Banking & Finance

No Social Segment Exempt from Financial Illiteracy

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YOUNGSTOWN,, Ohio — True story: When Danielle Cantrell was in college, she returned to her dorm room to hear her roommate, who came from a wealthy family, on the telephone. The roommate was explaining to her bank why she couldn’t have overdrawn her checking account.

“I still have checks left in my checkbook!”

Cantrell today is the vice president at Cortland Banks responsible for serving its retail and small-business customers.

Financial illiteracy is widespread, she and other bankers say. It cuts across all demographics – all ages, both sexes, all races and ethnic groups, all income groups, all levels of education, in cities, suburbia and rural areas.

When this reporter worked for a bank in Pittsburgh, it occasionally held seminars for the wives of wealthy businessmen who were customers of its private banking department. As recently as three decades ago, women who didn’t work outside their homes acceded to their husbands’ control of household finances. Some had never written a check.

At these luncheons, middle-aged women learned the basics of financial literacy so they could take over the family finances if their husbands died before they did.

(And there were working-class men who on payday handed their checks to their stay-at-home wives to manage the family finances.)

Ignorance of managing one’s personal finances is so widespread that the Ohio Legislature has enacted requirements that it be taught in public schools and state universities.

Youngstown State University is still working on the program that is part of its FYE, first-year experience or freshman-year experience, say Joe Palardy, professor of economics, and Betty Jo Licata, dean of the Williamson College of Business Administration.

Even before this recent mandate, banks such as Cortland Banks, Farmers National Bank and PNC Bank had their own programs in place to help students learn the rudiments in addition to their support of Junior Achievement.

Besides supporting public schools programs, Seven Seventeen Credit Union has held semi-annual seminars for its members (and open to the general public) on how to finance a college education. It also offers free one-on-one counseling to its members in financial difficulty, says Eric Lanham, senior vice president and its marketing chief.

“We put a lot of resources into financial literacy,” says Amber Wallace, senior vice president and chief marketing officer at Farmers Bank. Besides the $120,000 over three years for the financial literacy materials it provided 20 schools in Mahoning and Trumbull counties, Farmers sent branch managers and personal bankers to meet with students.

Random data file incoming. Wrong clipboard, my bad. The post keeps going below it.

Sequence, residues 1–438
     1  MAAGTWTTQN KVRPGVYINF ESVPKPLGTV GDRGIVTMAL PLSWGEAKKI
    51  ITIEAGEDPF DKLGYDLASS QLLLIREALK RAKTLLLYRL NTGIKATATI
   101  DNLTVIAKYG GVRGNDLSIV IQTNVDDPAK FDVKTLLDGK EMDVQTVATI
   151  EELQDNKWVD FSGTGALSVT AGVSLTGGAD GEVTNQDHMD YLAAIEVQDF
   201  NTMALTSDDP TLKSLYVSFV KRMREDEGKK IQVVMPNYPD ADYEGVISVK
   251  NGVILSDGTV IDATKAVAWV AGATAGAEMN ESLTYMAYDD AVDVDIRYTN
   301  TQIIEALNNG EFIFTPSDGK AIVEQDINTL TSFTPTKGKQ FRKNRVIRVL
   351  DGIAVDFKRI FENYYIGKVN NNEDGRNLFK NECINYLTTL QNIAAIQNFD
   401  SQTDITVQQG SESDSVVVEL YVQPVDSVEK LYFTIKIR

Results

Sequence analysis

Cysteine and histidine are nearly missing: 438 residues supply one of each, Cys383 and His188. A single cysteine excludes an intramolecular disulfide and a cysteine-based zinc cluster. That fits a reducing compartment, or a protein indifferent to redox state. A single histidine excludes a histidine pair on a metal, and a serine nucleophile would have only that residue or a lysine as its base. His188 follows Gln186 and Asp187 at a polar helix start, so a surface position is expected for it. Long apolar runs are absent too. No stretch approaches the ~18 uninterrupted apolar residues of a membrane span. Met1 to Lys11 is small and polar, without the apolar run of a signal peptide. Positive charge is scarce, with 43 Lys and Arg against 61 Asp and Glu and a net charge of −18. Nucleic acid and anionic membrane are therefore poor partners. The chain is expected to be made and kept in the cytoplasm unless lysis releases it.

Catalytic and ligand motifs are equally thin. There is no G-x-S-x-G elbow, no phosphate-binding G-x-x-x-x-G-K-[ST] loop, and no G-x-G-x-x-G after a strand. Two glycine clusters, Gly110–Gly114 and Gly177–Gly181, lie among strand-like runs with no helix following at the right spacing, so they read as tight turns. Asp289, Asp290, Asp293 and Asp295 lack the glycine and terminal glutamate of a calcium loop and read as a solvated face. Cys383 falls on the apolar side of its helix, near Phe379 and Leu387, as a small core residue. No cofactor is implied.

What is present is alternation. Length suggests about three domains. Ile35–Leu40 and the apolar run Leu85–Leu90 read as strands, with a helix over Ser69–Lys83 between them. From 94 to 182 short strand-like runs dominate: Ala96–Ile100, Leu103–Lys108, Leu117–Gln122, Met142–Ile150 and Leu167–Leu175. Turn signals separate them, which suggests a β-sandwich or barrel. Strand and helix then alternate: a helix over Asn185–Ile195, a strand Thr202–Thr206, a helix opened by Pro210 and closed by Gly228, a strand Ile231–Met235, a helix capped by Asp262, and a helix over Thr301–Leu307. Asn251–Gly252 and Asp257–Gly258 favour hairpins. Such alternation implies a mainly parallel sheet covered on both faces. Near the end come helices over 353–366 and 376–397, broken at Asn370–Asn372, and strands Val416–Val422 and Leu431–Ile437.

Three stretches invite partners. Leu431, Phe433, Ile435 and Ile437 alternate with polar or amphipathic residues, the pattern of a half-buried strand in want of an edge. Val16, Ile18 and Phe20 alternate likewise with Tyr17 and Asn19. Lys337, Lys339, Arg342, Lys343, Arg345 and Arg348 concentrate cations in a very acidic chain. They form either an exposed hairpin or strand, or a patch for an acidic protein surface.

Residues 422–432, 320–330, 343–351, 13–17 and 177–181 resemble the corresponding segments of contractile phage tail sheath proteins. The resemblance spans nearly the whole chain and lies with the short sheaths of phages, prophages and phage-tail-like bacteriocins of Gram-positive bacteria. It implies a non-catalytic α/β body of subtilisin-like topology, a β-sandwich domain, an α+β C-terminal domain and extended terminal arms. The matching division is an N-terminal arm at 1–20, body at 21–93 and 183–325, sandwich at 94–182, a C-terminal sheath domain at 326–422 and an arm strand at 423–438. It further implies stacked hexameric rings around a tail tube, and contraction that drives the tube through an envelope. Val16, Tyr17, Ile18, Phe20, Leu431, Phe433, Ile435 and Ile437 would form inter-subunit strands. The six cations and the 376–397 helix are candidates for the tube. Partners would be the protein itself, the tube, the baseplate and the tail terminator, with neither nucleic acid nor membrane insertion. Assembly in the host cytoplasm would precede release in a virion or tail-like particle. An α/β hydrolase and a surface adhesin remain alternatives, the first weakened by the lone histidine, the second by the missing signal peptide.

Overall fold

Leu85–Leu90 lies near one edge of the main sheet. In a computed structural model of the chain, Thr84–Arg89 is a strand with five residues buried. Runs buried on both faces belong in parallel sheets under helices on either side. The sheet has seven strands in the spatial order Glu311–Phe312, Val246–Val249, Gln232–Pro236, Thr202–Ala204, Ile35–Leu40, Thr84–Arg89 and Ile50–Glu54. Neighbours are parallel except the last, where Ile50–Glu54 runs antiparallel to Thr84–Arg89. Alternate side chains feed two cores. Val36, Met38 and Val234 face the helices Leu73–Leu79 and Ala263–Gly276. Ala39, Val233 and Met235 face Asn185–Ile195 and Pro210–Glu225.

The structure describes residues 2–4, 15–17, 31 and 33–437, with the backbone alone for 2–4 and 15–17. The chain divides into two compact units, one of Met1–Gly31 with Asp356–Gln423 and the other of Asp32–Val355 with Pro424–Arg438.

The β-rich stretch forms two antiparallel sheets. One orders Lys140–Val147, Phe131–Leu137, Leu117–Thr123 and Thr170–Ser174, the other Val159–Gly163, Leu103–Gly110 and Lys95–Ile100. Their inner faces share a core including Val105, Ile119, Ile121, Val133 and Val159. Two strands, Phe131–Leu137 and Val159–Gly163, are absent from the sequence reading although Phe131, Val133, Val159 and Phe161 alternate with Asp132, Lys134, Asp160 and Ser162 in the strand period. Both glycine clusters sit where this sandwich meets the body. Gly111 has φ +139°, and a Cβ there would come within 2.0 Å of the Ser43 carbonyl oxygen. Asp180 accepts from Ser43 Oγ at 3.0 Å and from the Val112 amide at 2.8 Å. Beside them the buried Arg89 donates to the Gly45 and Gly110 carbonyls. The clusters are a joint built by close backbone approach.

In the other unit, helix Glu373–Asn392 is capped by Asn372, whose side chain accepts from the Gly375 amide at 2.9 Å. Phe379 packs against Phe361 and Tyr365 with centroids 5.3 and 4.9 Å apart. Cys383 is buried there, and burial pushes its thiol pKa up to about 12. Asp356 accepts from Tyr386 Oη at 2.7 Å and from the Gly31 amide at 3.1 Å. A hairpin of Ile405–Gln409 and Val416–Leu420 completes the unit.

Farmers began its support a year before the Ohio Legislature mandated instruction in financial literacy, Wallace says. “There was a void in the schools,” she says. “Ninety-eight percent of the kids didn’t know how to write a check.”

While teachers welcomed the initiative, many admitted their own ignorance of personal finance, which made them uncomfortable, she says.

Teachers are not alone. “Seventy-five percent of parents are reluctant to discuss [family] finances with their kids,” says Seven Seventeen’s Lanham. And if parents won’t discuss finances, children are left to learn, often mislearn, on their own.

Among the topics Farmers covered was what’s involved in financing a vehicle, a popular subject.

At the end of the third year, Farmers took a year off to assess how well its 12-week instruction module, EverFi-Financial Literacy, worked before establishing closer ties with Junior Achievement. “We’re looking forward to this school year,” Wallace says, “working with Michele [Merkel, JA president] and having our staff in the schools.”

The assessment of EverFi, Farmers learned, showed that the 1,120 students affected increased their knowledge of personal finance by 79% on average, the greatest gains coming in the topics of renting versus owning and investing in markets.

One aspect of its initiative was the bank setting up the Farmers School Rewards program, now used in 34 schools. With School Rewards, a debit card Farmers issues with the logo of the participating school, Farmers returns a portion of transaction fees to the school district.

PNC Bank has one of the most widespread financial literacy programs among colleges because is has contracts to serve so many colleges and universities within its footprint, including Kent State and Youngstown State universities. As part of its agreements, PNC provides financial literacy to students, says Ryan Pastore, vice president for community affairs in its Youngstown regional headquarters.

PNC participates in YSU’s freshman orientation, a two-day program called Ignite, and an aspect of FYE. “We saw close to 1,000 kids this summer,” Pastore relates, where incoming students were exposed to the “nuts and bolts of credit [so] they can eliminate bad choices.”

PNC tried to impress on them the need to set up a budget, and even more important, the need to stick to it. The bank’s Virtual Wallet product for students “provides online tools to manage your money,” Pastore says. “There are some cool online tools that help them.”

PNC also “teaches a program to 20 men at the Rescue Mission every six months,” Pastore says, about managing personal finances, especially the importance of saving. “We layer understanding credit on top of that and how to repair [your] credit [score].